Jersey Journal/1930/Westward Bound, Part III

Westward Bound, Part III  (1930) 

The third, and final installment of the short story, Westward Bound, by Naida Muriel Freudenberg (1915-1998) published in The Jersey Journal on March 22, 1930.

Westward Bound, Part III
By Naida Freudenberg
9 Claremont Avenue, Jersey City, New Jersey.

Editor's Note: This completes the serial of Westward Bound. I have enjoyed it, and I am wondering how many Juniors enjoyed it? To write a serial was not an easy task, but it is very helpful, when it is carefully done. I congratulate Naida and think that she [may] possibly reap rich rewards in building up her story out of the events she had probably experienced herself. Now complete the story:

Part III
The two girls watched the surrounding scenery. There were many signs around proclaiming, the fact that "Crystal Lake, [was] just ahead." Two miles to "Dark Caverns." Betty and Sally wished they could see some of the places mentioned on the stiles. Mr. Harding only said, "If we have time, on the way back we will do a little sightseeing." Here and there, along the road, were schools of very small structure, while Betty said they resembled Sally's father's garage back home. At this time in the morning, the children could be seen trudging along the road with their queer hats and dinner pails. The machine traveled at a moderate speed and soon they found that they were nearing Illinois. Mr. Larding stopped at the next next, which was Deep River, and called up Mr. Woods, the man with whom he had to do business. His friend told him that he was within three hours ride of Chicago. "We will be there by this afternoon." Mr. Harding said. "Why John, you said you would be late for that meeting in Chicago and here we are one day ahead of time." Her husband laughed, "I certainly am amazed that we made such wonderful time." Two o'clock they stopped for lunch in Chicago. Then they met Mr. Woods, who had already secured accommodations for them. Everything about the room was so immaculate and sweet smelling that the two girls lay down for a nap, between the snowy sheets. They awoke an hour later, ready for a good time and more mischief. Sally's father suggested that they go to see Betty's grandmother, who lived at Lake Geneva, Wisconsin. As he could not accompany them Mr. Harding told them which train to take. Mrs. Harding followed his advice and they boarded a train bound for Wisconsin. In less than two hours they were there. The station was about ten minutes walk from Betty's grandmother's house. At last they stood in front of it and Betty rang the bell. Mrs. Harding, and Sally waited while Betty explained the situation. The door opened and an elderly lady with pure white hair stood on the threshold. Mrs. Jensen when she beheld her grandchild standing there, caught her up in two arms and hugged and kissed her. Finally Betty told her grandmother about Mrs. Harding and how she had been brought out by them. Mrs. Jensen held out a welcome hand and a beaming smile covered her entire countenance. Mrs. Harding clasped the hand which was held out so cordially and friendly. Ten minutes later they were having cake and milk and talking like old friends. The two girls went out to find "grandpa." They found him there, tending the flowers, which he loved so well. He was busily engaged in raking the ground and did not hear them approach. Finally lifting his gaze from the soil he looked into the blue eyes of Betty. With an inarticulate cry of joy he clasped her in his arms. while the tears coursed down his cheeks. He took the girls, one by each hand, and walked into the house. All smiles, he welcomed Mrs. Harding who felt as if they were her own parents. Mrs. Harding said they had better go back to the hotel but Sally's grandmother would not hear of it. "Call up your husband and ask him to send out your clothes by express truck. Mrs. Harding did this and her husband's voice soon came over the telephone. After telling him where they were and what she planned to do, he said, "We will have to stay in Chicago for three days as the business meeting will not he over as quickly as I had expected. Having heard how she had been welcomed he said. "I'm coming out there as soon as I can, give my love to all and I'll seed the necessary clothes today." "The swing in the garden, green grass, beautiful flowers and the stately house made an everlasting image in their memory. Three days later Mr. Harding joined them and was treated as a son. He too grew to love the folks and decided to spend four more days with them. Four blissful days were spent. The old couple did not want them to leave and there were tears in everyone's eyes as they saw the couple waving a final farewell from the door. As they rounded a curve, the house was lost from sight. Betty broke down and cried, but Mrs. Harding said that she shouldn't. "It will make us all feel bad if you cry. Betty. I know I feel terrible myself," and her eyes grew misty as she spoke. The trip home was made in a shorter time than the one coming out. When Betty reached home and found herself in her mother's embrace she said. "I love traveling, but there's no place like home."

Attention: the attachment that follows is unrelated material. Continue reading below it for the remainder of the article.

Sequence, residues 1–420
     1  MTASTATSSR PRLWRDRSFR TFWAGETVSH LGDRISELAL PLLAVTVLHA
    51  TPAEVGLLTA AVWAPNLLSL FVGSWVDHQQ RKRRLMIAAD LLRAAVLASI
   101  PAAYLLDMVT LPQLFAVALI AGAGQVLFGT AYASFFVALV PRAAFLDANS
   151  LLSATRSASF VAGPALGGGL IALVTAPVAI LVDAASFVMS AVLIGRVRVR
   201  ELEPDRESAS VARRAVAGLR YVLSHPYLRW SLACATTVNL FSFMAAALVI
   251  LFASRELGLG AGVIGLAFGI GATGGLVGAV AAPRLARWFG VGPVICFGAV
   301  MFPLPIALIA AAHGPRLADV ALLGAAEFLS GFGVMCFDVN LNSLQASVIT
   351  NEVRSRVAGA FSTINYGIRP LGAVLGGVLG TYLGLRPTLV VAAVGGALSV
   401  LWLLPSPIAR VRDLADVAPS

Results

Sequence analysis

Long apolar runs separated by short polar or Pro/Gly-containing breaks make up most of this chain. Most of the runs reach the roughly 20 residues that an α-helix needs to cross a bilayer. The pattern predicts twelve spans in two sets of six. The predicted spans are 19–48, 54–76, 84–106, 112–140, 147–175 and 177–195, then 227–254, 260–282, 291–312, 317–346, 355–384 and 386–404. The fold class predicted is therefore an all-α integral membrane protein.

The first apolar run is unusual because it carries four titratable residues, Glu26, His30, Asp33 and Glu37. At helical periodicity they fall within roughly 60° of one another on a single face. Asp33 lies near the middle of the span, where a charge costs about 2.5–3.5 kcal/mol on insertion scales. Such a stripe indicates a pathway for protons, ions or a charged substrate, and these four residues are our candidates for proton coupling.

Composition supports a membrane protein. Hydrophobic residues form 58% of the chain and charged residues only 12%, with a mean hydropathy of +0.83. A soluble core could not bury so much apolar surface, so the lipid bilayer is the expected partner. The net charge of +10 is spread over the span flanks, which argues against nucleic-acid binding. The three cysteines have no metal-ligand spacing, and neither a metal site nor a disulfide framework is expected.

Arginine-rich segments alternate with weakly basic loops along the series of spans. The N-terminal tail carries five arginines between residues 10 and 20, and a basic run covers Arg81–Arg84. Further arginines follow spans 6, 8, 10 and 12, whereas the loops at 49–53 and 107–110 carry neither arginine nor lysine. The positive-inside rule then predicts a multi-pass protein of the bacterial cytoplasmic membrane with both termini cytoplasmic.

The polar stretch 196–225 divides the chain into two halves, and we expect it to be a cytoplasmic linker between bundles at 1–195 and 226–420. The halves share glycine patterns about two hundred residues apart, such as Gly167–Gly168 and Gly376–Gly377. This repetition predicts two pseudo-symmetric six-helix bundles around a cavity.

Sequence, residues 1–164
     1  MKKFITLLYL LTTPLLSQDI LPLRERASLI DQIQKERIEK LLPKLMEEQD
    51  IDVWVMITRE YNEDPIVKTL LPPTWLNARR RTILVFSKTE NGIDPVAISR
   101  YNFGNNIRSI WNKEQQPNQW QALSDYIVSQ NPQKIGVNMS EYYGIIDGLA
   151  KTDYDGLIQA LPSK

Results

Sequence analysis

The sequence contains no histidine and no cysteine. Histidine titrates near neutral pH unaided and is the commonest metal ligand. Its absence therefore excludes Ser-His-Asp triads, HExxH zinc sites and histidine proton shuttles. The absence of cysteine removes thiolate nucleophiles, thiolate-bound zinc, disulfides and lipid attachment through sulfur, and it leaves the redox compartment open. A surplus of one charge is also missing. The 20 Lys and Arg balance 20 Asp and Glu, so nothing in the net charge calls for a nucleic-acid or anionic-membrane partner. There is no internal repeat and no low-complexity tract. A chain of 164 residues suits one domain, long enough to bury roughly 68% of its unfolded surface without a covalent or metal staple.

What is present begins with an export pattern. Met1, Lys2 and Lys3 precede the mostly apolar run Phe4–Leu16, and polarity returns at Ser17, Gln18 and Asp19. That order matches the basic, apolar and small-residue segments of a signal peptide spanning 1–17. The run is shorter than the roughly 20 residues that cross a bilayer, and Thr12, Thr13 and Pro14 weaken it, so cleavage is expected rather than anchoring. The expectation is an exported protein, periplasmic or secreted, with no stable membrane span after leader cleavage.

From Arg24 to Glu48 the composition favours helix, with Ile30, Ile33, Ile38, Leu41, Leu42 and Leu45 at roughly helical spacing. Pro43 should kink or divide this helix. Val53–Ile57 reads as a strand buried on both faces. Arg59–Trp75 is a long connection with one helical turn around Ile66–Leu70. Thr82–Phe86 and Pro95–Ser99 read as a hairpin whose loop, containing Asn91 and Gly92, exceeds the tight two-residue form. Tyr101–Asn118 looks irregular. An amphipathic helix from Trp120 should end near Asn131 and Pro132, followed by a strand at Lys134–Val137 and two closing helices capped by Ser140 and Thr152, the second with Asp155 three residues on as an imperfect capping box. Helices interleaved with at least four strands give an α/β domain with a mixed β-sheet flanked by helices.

Westward Bound, part III by Naida Muriel Freudenberg (1915-1998) in the Jersey Journal on March 22, 1930.png

This work is in the public domain in the United States because it was legally published within the United States (or the United Nations Headquarters in New York subject to Section 7 of the United States Headquarters Agreement) before 1964, and copyright was not renewed.